Opening a garden to the public

Shaun asks: ‘Can i have a word with you?’ Of course he can, and I am led off to a small enclosure, defined on three sides by a beech hedge and, on the fourth by clipped Leyland cypress screening a dilapidated garage. This ‘room’ should form the finale of my garden tours and, as such, I admit it is a disappointment. I find myself leading any party away from it, and back via the ‘great vista’ which focuses on the triumphal arch, to make sure that we end on a high note. ‘It’s all green,’ Shaun rightly points out.

The green consists of the hedge, five varieties of quince, two yews that I intend to topiarise, and a couple of figs trained across blue trellis. It lacks artefacts and colour. As a first step towards improving things, we opt for clematis climbing through the quince trees, and off I go to our local nursery. Everything must be planted by the first open day. My two-volume Royal Horticultural Society plant bible tells me that there are 200 varieties of clematis and, inevitably, most of the ones I hoick onto my trolley are not in it.

The colour range I am after is lilac pink to deep purple; as well as plants with purple foliage, to contrast with the apple green leaves of the quinces. On the whole, we want early flowering varieties. I select that old, but pretty, warhorse, Clematis montana var. Rubens; also the montanas Warwickshire Rose which has bronze purple leaves and another with the ghastly name of Mayleen. Then I pick a later flowering viticella clematis called M. Koster that promises deep purple flowers, and another spring flowerer called Rosy O’Grady, with bell shaped blossoms. These, I think, will do the trick and Shaun assures me that there will be no problem getting them to thrive.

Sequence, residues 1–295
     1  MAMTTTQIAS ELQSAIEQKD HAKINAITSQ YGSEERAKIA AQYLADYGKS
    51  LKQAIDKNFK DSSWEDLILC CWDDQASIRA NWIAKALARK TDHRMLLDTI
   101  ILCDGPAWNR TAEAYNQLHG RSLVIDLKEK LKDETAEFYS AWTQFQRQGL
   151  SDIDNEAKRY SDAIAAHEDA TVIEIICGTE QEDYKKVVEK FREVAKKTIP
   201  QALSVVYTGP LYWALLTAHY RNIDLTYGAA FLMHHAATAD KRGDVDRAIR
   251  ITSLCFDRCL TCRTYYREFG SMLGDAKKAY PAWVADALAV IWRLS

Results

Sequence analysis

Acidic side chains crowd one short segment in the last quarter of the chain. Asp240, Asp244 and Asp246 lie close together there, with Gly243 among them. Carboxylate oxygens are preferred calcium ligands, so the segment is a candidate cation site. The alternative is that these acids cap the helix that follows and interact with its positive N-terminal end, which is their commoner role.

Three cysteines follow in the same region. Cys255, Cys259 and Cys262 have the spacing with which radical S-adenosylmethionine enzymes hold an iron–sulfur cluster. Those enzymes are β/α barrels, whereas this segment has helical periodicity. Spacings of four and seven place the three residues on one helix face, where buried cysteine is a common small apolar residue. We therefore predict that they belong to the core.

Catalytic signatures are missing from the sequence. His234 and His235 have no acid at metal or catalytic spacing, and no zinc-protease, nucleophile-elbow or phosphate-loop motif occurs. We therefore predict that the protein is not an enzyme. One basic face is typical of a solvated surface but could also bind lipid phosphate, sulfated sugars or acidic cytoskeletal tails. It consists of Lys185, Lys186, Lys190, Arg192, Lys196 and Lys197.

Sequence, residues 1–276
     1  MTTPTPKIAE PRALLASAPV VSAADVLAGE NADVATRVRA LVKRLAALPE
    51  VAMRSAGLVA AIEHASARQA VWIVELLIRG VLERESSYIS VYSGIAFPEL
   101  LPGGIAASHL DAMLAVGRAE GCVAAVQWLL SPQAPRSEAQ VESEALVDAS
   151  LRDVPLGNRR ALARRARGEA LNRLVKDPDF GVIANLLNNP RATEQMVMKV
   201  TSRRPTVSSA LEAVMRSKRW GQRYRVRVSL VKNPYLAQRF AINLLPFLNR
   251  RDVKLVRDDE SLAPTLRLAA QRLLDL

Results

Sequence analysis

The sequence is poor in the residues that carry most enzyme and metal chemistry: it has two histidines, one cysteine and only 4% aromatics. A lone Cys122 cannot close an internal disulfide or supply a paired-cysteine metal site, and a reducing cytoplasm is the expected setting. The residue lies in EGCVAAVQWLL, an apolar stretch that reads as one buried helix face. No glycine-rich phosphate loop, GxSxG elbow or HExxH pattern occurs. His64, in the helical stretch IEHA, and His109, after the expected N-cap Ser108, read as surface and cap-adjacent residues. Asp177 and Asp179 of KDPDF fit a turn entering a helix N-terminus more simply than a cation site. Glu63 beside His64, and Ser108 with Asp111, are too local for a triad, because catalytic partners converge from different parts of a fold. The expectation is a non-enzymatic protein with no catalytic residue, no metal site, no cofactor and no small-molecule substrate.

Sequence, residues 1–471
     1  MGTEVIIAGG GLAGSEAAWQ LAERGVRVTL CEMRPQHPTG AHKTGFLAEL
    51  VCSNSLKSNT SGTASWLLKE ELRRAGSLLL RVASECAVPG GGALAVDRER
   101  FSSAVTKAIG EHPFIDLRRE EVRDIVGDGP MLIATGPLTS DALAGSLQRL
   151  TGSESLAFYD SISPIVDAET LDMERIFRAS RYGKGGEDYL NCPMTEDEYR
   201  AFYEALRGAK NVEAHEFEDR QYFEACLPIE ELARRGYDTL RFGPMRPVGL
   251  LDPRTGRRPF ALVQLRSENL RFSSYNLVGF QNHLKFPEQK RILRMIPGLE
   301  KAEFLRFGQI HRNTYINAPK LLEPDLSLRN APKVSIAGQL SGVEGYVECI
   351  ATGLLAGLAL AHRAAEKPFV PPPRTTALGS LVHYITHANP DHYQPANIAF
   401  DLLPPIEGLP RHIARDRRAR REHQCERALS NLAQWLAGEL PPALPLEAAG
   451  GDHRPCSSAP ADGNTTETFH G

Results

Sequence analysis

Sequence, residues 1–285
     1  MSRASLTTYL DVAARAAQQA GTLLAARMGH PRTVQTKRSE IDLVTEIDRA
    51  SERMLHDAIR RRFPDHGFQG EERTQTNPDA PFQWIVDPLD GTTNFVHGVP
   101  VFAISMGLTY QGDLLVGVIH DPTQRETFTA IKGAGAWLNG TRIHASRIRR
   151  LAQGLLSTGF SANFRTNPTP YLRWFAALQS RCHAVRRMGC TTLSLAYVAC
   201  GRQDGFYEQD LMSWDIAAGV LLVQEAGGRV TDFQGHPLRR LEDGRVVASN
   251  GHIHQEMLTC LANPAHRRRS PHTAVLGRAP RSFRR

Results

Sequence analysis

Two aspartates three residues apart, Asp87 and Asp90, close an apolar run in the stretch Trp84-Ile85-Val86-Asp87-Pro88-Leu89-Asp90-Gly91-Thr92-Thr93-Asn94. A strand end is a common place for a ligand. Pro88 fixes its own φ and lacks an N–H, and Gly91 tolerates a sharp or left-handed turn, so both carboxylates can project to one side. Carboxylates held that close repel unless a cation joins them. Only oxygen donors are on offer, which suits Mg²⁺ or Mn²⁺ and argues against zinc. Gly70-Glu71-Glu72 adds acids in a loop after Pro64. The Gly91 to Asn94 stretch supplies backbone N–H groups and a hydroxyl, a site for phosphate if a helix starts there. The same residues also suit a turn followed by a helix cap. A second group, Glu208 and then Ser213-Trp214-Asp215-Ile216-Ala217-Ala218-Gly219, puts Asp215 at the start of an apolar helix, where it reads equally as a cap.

The first open day beckons, an event that always produces a frenzy of activity. I must have been mad to have agreed to no less than 13 open days this year, even if a number of them are to raise funds for charity. But there is no going back now, so we set to sprucing up the acreage. My contribution is to fill a plastic bucket with warm water and grab a cloth and an old toothbrush. Armed with kitchen cleaner, I head for some of the inscribed slate plaques which dot the garden and get down on my knees. Scrubbing them gently reminds me of cleaning an Old Master painting of centuries-old layers of dirt and discoloured varnish, and I am appalled to think that what I attempt to remove is one year’s deposit of grime.

Into the Rose Garden I plunge, sago broom in hand, to sweep up the leaves and gravel which have spread over the limestone slabs. More importantly, I snap off the pink and plum-coloured tulips that have somehow got into a formal planting of yellow ones flecked with red. A similar sentence is passed on any lingering pink hyacinths left in the rose beds. The vases of flowers resulting from this cull give me huge pleasure and greater pleasure is afforded by seeing the colour scheme of the Rose Garden restored.

I stand back from the great vista and think, ‘That’ll hit them between the eyes,’ but oh no! my eye falls on the urns flanking the entrance, one filled with a Cordyline australis Sundance, and the other forlornly empty, awaiting its pair, which has not arrived. Another trip to the nursery beckons. I have no luck with Sundance, so I grab two Torbay Dazzlers. With their bold cream stripes and margins, they should do the trick. And yes, they look splendid set against a wall of dark green yew. Meanwhile, Shaun battles against rain to get the mowing done. It is the final touch. Canes and string are put in place where he has reseeded the grass and I am warned to take visitors along a different route. Those who come will have to put up with a skip on the drive, and a posse of builders’ vans. And, to crown it all, on the first open day, a staircase is due to be delivered. But on with the show, I say: let the horticultural curtain rise!